Even though most Americans have grown more comfortable with same-sex or unmarried couples raising children, they still view single mothers as detrimental to society, according to a new poll of attitudes toward the country's soaring number of nontraditional families.
Most types of nontraditional families are broadly accepted or at least tolerated, including same-sex couples with children, unmarried parents and childless women, according to a poll by the Pew Research Center's Social and Demographic Trends. But two decades after TV's Murphy Brown caused a public furor by having a child without a husband around, many people continue to draw the line when it comes to single motherhood.
The poll illustrates how dramatically attitudes have changed from the not-so-distant past when the typical family was a married couple with children and virtually every other kind of family was considered abnormal. Today, nuclear families make up barely one in five households in the United States, Census Bureau statistics show. And nearly four in 10 births are to unmarried women, according to the National Center for Health Statistics.
"People aren't embracing these changes, but they are accepting them," said Rich Morin, a senior editor at the Pew Center and author of the report. "The days when people were made to wear a scarlet letter or were shunned after a divorce are ancient history."
The poll asked about 2,700 people for their views on seven trends in modern relationships that are upending what used to be considered the traditional family: unmarried parents raising children; gay couples raising children; single mothers; partners living together outside marriage; working mothers; interracial marriage; and women who never bear children.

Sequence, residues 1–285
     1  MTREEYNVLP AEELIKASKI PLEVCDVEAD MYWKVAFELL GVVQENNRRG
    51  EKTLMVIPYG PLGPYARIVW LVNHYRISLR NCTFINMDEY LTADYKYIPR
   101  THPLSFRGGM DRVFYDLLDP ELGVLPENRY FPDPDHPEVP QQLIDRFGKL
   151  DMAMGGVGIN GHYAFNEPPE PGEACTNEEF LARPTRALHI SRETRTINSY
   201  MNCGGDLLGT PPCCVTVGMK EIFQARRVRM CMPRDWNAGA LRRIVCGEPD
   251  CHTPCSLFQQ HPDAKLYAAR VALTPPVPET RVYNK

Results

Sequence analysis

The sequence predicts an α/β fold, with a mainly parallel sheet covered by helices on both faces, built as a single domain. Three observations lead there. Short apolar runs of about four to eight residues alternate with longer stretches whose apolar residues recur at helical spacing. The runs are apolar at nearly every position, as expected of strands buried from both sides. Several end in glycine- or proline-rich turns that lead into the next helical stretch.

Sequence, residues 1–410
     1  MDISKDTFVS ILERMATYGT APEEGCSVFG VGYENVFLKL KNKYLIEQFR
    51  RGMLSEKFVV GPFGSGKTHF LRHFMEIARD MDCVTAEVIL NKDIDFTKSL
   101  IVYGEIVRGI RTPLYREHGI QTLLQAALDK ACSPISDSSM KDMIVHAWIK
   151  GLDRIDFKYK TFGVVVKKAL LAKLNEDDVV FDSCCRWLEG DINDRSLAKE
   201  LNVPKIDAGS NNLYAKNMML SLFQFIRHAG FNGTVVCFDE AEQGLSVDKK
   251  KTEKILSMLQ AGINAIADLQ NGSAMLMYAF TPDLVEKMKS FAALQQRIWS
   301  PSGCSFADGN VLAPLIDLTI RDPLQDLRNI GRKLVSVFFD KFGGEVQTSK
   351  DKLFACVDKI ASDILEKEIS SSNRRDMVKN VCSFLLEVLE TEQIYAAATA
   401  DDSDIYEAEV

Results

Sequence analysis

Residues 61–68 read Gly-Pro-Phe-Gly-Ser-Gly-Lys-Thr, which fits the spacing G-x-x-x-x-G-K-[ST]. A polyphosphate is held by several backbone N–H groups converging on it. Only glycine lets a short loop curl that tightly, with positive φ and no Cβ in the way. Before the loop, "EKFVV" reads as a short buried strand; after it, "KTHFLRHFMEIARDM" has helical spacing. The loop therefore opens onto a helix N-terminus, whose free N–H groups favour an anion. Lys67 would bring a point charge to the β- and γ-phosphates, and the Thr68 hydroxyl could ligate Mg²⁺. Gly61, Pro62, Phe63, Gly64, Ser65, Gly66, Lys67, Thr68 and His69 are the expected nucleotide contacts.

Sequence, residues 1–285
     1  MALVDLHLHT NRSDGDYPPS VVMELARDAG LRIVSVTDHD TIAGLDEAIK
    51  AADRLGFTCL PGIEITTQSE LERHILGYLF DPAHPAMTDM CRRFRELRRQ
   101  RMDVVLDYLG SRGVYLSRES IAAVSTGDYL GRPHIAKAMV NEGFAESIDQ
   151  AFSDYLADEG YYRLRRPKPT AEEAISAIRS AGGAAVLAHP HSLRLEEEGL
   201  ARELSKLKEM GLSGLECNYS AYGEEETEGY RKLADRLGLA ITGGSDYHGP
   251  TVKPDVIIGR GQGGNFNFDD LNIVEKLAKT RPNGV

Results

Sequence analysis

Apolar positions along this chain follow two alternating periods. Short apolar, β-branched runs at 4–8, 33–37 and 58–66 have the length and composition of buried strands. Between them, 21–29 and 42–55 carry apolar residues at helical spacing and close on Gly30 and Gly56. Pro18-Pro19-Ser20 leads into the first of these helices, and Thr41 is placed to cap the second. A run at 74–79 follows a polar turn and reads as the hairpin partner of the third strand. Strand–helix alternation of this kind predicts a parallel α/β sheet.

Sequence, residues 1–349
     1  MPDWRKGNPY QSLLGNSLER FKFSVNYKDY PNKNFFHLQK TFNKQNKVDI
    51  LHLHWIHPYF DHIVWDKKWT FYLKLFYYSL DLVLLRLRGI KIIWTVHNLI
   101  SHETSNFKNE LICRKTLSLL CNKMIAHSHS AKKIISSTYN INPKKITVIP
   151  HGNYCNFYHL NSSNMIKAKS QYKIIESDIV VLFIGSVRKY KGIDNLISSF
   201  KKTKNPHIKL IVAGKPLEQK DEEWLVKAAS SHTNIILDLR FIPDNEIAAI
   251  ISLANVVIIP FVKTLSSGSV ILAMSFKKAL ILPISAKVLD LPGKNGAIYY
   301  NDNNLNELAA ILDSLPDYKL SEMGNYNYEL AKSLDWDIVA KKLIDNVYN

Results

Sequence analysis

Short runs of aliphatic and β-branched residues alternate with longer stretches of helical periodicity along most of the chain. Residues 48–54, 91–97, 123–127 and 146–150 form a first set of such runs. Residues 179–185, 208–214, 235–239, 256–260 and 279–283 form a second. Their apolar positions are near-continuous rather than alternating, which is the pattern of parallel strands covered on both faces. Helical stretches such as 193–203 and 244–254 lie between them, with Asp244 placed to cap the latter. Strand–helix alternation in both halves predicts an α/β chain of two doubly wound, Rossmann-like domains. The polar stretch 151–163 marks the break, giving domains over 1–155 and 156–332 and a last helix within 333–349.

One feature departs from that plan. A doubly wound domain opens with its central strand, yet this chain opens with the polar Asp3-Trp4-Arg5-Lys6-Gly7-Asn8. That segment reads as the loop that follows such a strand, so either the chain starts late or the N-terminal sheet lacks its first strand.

The poll results suggest that Americans fall largely into three equally sized camps.
Roughly a third said the trends have no effect on society or are positive. People who had positive views of the changing family were overwhelmingly women, Hispanics and East Coast residents who rarely if ever attend religious services.
Another third considered most of the changes harmful to society. The only trends they accepted were interracial marriage and fewer women having children. They tended to be older, white Republicans who are married and religiously observant. They also were more likely to be from the Midwest or South.
The third group tended to accept all the changes except for single motherhood. Virtually all of them said the growing prevalence of mothers without male partners to help them raise children is bad for society. This group tended to be young, Democratic or independent, and more heavily minority.
Andrew Cherlin, a Johns Hopkins University sociologist who studies families, said the Pew poll underscores the widespread acceptance of two-parent families of almost any ilk.
"Working mothers are acceptable to almost everybody," he said. "Two parents who are unmarried are tolerated or acceptable. But many people, including single parents themselves, question single-parent families. There's still a strong belief that children need two parents."